Flirting with Spam
Just mention the word, “spam,” and watch the negative emotions ranging from annoyance to hatred well up on the faces of most. When I began talking to W.J. about spam or unsolicited commercial e-mail, I became fascinated by her words and wanted to get inside her mind to learn why she “loves spam.”
Clickfire: You’re a professional. Can you tell us a little about your background?
W.J.: I am a writer and a speaker, a registered CIM, CIS, and CIT. I’m a Certified Professional Consultant, Certified Project Manager, former director of MIS, owner of a Sole Proprietorship (Powers Ferry Consulting), and a former IBM Consultant (road warrior).
Clickfire: How long have you been Internet active?
W.J.: 10 years.
Clickfire: Would you consider yourself a sophisticated Internet user?
Clickfire: What’s your first recollection of receiving an e-mail from someone you didn’t know?
W.J.: When I first began internet and e-mail access, I had no idea other people were sharing my internet address. I have received invitations to business meetings, etc., and learned that my internet address was being shared. Through the “sharing of my e-mail address,” I was more informed, included in important business events, and was able to stay current on upcoming business projects, meetings and events.
Clickfire: What were your feelings after this realization?
W.J.: For me the general increase in business was profitable. I was a sole proprietor and the benefit of my share e-mail address brought me more business referrals and thus increased my revenue.
Clickfire: Most people see spam as an annoyance at best. You have taken a totally different view by turning it into something positive. You have said that you “love spam.” Tell us how you are able to find value in unsolicited e-mails.
W.J.: In the early days I found a new means of communicating business-to-business much quicker with less effort. Snail Mail would take 3 days to one week. In the past two years my volume of unsolicited e-mails has increased. The benefit has brought me more product knowledge at reduced prices.
Clickfire: Approximately how much unsolicited e-mail do you receive per day?
W.J.: The Average per day is 10.
Clickfire: Do you find it even slightly bothersome that you receive so many e-mails and have to sort through them, taking up your time?
W.J.: The greater annoyance is getting two identical e-mails or better still 4 to 6 of the same in two days.
Clickfire: Who are the types of people who send you unsolicited e-mails and what message are they generally trying to communicate to you?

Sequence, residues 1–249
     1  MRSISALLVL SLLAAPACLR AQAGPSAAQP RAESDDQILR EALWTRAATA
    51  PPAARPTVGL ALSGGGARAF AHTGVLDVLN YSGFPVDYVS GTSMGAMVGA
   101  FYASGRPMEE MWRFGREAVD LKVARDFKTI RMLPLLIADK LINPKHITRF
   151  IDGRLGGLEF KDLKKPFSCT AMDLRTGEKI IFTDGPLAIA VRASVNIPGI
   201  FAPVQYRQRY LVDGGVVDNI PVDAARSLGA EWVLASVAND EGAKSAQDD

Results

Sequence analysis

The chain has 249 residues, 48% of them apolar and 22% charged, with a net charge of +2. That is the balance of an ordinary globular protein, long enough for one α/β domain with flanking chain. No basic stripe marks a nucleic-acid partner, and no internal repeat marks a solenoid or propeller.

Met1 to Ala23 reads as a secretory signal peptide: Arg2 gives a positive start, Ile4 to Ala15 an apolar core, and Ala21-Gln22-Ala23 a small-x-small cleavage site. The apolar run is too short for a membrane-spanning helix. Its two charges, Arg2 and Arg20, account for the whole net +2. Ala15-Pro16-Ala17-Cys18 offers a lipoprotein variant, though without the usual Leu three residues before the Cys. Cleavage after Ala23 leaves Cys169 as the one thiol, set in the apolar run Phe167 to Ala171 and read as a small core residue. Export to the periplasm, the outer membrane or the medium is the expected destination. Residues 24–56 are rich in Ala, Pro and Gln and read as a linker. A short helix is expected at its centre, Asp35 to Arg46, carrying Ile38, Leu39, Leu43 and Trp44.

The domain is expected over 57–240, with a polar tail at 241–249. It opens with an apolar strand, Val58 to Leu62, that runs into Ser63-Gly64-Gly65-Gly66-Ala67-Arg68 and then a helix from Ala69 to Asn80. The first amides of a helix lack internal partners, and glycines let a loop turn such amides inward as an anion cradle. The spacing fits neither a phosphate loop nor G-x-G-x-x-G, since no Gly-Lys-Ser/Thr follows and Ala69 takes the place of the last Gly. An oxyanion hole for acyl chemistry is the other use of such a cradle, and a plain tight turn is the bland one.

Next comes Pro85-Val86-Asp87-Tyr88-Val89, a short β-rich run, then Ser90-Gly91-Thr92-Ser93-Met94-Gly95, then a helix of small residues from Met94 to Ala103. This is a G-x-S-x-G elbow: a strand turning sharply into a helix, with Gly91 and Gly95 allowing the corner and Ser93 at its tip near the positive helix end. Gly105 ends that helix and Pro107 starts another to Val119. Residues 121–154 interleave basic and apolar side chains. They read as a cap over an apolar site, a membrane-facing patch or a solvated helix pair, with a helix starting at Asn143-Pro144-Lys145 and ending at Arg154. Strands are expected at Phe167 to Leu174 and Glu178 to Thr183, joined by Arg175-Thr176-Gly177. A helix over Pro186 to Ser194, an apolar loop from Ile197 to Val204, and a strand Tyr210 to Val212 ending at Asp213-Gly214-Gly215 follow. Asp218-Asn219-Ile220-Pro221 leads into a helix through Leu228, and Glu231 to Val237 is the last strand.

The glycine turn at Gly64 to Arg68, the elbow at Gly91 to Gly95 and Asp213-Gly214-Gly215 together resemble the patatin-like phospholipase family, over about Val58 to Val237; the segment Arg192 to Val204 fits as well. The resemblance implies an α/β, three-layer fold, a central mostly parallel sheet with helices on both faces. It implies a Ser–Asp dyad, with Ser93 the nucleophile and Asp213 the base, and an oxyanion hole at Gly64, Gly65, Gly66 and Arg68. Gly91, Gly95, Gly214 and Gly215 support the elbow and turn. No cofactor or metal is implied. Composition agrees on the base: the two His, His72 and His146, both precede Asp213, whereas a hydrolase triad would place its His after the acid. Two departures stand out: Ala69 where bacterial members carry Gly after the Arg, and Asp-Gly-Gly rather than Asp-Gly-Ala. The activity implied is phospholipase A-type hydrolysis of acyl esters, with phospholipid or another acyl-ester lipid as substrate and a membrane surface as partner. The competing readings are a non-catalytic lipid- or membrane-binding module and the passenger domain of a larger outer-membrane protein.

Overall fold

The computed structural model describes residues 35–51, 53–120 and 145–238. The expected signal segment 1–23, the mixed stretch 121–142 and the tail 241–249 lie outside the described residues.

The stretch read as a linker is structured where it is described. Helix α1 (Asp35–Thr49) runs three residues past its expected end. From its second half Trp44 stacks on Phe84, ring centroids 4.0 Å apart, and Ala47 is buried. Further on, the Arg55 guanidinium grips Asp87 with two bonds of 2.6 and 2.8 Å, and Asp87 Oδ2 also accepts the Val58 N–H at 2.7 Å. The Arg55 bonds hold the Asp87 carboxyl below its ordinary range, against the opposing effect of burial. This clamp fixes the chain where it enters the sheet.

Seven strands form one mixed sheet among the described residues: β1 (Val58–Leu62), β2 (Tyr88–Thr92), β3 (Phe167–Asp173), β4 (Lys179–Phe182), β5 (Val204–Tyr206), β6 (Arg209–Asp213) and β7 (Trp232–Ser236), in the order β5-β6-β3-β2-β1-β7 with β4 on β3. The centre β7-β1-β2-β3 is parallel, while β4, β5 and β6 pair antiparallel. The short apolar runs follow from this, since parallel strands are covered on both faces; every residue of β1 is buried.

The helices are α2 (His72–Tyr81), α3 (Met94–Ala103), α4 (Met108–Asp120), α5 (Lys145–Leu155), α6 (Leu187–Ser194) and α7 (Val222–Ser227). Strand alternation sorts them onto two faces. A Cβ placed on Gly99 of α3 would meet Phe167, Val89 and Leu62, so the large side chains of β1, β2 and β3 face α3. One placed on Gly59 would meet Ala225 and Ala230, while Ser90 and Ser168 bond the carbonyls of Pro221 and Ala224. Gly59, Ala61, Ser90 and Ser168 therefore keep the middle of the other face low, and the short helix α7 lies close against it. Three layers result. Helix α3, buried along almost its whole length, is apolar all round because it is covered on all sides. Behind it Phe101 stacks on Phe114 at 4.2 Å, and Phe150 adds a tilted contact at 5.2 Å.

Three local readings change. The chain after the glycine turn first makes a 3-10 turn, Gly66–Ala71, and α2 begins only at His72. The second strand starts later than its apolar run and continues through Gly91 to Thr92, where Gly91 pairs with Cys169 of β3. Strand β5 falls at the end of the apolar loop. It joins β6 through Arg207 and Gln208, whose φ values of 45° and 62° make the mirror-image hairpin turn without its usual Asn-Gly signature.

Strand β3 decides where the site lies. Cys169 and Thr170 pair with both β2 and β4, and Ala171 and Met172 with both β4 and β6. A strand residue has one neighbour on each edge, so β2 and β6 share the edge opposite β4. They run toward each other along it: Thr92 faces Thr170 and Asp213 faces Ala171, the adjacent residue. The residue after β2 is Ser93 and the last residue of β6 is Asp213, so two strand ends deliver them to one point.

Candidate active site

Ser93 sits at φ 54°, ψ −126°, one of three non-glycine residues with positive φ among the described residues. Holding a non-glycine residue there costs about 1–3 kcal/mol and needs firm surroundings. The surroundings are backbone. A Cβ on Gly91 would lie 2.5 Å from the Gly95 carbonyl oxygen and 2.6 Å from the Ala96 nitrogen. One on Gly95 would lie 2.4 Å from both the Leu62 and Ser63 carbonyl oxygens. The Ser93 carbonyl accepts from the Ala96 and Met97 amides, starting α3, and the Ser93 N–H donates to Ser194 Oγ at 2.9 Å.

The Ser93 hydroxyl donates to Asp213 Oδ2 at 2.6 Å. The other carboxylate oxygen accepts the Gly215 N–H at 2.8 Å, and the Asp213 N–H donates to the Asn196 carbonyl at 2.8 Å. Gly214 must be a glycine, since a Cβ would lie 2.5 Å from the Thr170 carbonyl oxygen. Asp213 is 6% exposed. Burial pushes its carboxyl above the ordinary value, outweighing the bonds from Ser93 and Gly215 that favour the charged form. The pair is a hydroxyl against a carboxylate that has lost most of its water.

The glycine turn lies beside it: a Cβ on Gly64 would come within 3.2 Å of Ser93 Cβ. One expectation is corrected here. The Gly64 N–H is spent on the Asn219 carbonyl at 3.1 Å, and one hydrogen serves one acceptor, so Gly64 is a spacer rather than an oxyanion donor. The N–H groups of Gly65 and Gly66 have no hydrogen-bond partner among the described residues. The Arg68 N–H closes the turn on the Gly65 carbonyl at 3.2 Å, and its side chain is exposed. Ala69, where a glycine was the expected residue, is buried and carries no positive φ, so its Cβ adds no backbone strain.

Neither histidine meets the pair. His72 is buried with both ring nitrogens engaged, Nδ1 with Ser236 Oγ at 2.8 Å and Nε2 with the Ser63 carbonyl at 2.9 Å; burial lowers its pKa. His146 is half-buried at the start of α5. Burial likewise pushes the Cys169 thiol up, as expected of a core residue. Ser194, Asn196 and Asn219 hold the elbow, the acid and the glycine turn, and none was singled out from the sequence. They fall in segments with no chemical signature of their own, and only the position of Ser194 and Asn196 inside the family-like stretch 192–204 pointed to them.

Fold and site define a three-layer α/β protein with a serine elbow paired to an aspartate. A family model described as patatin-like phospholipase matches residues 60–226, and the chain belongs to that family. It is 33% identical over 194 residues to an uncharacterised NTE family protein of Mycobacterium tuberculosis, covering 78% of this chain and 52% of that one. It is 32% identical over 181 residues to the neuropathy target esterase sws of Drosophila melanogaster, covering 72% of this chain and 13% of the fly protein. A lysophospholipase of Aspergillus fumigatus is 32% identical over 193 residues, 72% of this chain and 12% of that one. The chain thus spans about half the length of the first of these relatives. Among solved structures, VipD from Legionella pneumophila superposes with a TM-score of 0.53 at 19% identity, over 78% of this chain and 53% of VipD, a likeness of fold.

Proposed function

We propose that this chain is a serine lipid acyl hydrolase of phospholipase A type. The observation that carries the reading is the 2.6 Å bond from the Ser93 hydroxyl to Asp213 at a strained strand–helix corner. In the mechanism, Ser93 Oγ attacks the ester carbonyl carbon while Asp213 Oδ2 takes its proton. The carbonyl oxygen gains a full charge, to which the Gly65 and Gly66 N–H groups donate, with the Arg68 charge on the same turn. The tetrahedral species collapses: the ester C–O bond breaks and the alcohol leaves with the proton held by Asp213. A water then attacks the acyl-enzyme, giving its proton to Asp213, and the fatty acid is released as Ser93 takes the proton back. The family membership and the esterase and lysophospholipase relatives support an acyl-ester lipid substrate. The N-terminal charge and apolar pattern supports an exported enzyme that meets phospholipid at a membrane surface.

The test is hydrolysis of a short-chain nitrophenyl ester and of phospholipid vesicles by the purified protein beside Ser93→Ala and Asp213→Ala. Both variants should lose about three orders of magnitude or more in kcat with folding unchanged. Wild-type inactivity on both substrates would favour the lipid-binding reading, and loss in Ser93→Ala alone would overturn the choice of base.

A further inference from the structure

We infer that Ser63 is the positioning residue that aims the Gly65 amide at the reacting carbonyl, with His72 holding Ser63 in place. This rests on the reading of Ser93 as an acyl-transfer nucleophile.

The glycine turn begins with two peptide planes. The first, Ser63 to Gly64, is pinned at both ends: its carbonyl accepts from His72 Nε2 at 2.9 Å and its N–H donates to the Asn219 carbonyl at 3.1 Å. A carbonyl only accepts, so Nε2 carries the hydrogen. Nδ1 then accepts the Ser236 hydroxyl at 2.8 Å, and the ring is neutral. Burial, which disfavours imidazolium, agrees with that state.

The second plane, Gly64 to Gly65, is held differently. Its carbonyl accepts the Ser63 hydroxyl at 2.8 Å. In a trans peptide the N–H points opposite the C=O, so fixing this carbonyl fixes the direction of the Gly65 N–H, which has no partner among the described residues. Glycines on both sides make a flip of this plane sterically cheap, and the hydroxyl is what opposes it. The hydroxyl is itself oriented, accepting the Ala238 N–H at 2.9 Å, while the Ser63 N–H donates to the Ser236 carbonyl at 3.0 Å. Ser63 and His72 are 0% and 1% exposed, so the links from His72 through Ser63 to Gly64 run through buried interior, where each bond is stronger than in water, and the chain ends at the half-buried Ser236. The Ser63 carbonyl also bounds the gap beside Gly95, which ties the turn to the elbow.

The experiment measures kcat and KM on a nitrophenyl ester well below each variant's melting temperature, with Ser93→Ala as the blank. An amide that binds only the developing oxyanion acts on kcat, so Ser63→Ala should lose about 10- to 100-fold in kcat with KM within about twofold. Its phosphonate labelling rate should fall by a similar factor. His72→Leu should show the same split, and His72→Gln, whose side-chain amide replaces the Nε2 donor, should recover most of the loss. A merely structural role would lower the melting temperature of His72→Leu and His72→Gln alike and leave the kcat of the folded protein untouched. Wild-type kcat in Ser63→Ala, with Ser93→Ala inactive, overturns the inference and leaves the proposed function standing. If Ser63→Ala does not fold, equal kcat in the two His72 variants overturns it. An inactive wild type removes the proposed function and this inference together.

W.J.: Some weeks I receive 50 e-mails from the “Multi Level Marketing” companies and their representatives, 10 in one week for printer cartridge refills, Insurance rates, Debt Analysis, Credit Cards, Lottery chances, Play Bingo, Publisher’s Clearing House contest, Education, and on and on.
Clickfire: Would you ever use a spam filter?
W.J.: Yes, it is possible. But, I enjoy spam. Some spam is entertaining for me. I enjoy getting a laugh and a “break from it all”. Other spam is useful to me because it introduces products and services that I would otherwise miss out on. I stay in the know while I am on the go.
Clickfire: Have you considered sending unsolicited e-mail yourself?
W.J.: I did one year ago. I was receiving so many multi-level-marketing e-mails that I saved all the e-mail addresses that were different. My plan to “turn-around” the many e-mails and use them as a marketing tool did not get put into action. I still have the e-mails if you want to start a cross-country marketing campaign.
Clickfire: By “turning around,” do you mean that you were going to spam the spammers by sending unsolicited e-mail to the addresses appearing on the unsolicited e-mails that you received?
W.J.: No, I was not “spamming the spammers.” I had just bought into a multi-level marketing program and needed someone to solicit as potential clients.
Clickfire: A vice president of AOL recently called spammers “evil folks.” How do you feel about being sympathetic to a marketing strategy that costs businesses billions of dollars per year?
W.J.: Companies have the option of filtering unwanted e-mails.
Clickfire: Do you think there should be any form of punishment by law for those who send spam e-mails?
W.J.: The unsolicited marketing e-mails do not really break the law. They are annoying to many, but not unlawful. The content of the e-mail determines the liability.
W.J. can be contacted at: [email protected].
Note: Clickfire vehemently opposes the use of unsolicited commercial e-mails or spam.